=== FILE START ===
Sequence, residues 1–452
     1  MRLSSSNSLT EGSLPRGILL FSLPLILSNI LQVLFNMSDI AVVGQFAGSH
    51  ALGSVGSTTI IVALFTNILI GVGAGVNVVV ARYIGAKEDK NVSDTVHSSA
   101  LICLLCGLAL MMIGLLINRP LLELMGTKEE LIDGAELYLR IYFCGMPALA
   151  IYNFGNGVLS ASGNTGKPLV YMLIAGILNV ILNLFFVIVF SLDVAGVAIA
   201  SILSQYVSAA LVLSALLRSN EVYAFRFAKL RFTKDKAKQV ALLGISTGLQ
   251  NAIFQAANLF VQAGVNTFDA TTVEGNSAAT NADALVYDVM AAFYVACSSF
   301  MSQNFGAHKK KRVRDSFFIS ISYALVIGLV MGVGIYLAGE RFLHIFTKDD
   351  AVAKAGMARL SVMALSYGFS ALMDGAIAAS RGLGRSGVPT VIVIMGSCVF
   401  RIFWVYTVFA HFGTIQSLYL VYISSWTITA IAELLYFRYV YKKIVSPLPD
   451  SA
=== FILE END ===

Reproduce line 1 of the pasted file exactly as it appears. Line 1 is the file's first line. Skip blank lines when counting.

Sequence, residues 1–452